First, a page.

Original Article | Published:

Genetic influence on blood pressure measured in the office, under laboratory stress and during real life

Hypertension Research volume 34, pages 239244 (2011) | Download Citation

Abstract

To determine to what extent the genetic influences on blood pressure (BP) measured in the office, under psychologically stressful conditions in the laboratory and during real life are different from each other. Office BP, BP during a video game challenge and a social stressor interview, and 24-h ambulatory BP were measured in 238 European American and 186 African American twins. BP values across the two tasks were averaged to represent stress levels. Genetic model fitting showed no ethnic or gender differences for any of the measures. The model fitting resulted in heritability estimates of 63, 75 and 71% for office, stress and 24-h systolic BP (SBP) and 59, 67 and 69% for diastolic BP (DBP), respectively. Up to 81% of the heritability of office SBP and 71% of office DBP were attributed to genes that also influenced stress BP. However, only 45% of the heritability of 24-h SBP and 49% of 24-h DBP were attributed to genes that also influence office BP. Similarly, about 39% of the heritability of 24-h SBP and 42% of 24-h DBP were attributed to genes that also influence stress BP. Substantial overlap exists between genes that influence BP measured in the office, under laboratory stress and during real life. However, significant genetic components specific to each BP measurement also exist. These findings suggest that partly different genes or sets of genes contribute to BP regulation in different conditions.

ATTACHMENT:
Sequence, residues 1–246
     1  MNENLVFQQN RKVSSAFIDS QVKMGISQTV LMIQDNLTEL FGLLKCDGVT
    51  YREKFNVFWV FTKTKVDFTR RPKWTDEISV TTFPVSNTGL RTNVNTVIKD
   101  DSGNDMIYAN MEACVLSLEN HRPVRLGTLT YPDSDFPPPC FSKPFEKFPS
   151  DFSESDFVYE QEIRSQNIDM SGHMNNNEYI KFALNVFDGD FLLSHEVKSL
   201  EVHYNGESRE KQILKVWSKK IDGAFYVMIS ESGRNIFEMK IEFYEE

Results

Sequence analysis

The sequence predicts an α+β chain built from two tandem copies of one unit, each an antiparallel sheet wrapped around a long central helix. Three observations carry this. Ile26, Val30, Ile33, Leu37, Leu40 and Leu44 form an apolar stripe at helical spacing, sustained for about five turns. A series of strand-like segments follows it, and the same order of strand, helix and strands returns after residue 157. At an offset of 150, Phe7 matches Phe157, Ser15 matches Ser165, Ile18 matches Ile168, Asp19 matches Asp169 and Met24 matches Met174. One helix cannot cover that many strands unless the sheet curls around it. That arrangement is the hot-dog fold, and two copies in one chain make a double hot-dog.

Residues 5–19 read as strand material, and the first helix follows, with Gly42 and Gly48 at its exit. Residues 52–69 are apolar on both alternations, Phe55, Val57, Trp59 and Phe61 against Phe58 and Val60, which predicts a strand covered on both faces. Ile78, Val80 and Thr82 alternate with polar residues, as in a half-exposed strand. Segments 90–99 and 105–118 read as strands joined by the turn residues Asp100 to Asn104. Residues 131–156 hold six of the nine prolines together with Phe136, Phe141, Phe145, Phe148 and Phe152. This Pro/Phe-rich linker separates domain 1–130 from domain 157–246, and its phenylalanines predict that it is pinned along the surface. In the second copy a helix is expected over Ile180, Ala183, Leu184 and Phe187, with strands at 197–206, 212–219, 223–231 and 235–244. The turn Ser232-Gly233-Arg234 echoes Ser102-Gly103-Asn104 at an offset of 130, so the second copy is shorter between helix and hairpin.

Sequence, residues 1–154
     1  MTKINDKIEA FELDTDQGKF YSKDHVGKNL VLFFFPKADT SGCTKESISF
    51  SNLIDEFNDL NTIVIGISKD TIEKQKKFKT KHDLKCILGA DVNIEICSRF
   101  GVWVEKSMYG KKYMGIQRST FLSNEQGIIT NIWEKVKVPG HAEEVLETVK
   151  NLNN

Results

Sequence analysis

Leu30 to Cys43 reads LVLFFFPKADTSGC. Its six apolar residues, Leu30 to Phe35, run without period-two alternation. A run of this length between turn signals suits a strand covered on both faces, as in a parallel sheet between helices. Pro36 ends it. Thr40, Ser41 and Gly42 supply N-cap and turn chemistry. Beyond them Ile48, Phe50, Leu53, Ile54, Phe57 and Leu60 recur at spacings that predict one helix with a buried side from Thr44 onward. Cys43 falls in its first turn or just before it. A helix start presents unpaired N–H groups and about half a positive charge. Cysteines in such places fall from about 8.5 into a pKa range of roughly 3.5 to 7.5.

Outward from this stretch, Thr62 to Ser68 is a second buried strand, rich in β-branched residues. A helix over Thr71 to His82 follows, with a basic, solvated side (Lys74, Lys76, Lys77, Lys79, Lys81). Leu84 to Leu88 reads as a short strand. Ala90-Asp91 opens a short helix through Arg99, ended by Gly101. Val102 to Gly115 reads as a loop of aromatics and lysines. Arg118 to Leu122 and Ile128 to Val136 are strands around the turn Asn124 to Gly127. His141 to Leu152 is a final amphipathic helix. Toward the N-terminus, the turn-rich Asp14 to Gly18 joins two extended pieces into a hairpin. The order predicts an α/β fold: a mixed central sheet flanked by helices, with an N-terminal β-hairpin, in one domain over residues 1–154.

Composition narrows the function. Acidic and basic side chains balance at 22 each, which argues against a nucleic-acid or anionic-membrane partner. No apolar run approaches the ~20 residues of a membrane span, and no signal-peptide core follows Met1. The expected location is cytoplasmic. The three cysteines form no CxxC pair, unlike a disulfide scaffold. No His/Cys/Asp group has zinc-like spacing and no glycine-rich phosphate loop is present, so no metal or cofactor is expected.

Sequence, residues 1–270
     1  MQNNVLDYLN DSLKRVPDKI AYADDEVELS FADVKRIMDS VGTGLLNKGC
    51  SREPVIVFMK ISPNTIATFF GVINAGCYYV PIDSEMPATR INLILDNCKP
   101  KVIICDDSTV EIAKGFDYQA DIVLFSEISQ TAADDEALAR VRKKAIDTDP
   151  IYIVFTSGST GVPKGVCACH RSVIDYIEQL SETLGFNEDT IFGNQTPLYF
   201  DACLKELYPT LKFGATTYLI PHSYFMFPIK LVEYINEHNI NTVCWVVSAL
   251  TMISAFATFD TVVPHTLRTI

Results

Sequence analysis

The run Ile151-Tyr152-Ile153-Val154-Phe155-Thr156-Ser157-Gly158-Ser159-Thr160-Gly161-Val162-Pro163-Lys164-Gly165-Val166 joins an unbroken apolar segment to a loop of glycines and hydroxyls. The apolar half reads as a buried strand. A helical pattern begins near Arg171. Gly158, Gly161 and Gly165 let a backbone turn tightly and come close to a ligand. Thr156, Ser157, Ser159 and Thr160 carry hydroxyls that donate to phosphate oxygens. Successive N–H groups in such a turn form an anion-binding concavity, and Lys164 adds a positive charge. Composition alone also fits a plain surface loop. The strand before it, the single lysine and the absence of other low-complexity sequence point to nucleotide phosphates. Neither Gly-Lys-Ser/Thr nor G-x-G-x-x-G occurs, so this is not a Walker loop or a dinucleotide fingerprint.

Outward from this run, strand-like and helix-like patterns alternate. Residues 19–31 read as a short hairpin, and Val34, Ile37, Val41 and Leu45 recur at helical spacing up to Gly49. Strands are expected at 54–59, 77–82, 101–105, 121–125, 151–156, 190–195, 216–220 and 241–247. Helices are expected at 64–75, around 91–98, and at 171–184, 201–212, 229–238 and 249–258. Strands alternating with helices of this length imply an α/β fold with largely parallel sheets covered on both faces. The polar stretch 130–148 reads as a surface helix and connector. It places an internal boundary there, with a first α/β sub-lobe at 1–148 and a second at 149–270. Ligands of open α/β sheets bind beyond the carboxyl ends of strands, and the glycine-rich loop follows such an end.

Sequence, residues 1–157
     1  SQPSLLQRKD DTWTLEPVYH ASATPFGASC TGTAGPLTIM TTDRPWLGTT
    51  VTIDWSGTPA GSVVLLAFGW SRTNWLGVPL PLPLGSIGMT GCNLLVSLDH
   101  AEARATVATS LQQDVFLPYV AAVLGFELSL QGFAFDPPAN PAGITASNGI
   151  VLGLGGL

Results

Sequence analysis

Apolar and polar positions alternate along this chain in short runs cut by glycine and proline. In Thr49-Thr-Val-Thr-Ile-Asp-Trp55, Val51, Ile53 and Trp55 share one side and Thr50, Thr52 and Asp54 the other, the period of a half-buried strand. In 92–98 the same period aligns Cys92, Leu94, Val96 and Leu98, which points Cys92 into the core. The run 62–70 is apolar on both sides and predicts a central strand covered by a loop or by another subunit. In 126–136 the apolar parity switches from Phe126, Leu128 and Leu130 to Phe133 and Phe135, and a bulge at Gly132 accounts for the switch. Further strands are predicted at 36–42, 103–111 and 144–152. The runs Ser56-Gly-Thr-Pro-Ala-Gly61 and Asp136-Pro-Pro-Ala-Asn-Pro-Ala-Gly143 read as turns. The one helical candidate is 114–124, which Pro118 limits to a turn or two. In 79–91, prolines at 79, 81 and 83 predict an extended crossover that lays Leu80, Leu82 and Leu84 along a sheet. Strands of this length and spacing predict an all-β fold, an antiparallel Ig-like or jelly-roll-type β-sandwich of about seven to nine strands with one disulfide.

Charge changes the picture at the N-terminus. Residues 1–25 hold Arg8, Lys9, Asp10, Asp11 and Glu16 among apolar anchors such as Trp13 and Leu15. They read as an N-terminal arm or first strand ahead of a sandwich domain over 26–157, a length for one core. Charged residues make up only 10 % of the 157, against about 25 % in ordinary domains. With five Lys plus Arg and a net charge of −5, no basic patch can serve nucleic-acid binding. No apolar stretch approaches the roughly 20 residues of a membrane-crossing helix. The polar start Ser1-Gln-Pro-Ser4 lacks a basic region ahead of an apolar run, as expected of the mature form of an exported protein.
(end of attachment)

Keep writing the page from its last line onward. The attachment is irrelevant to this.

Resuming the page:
Introduction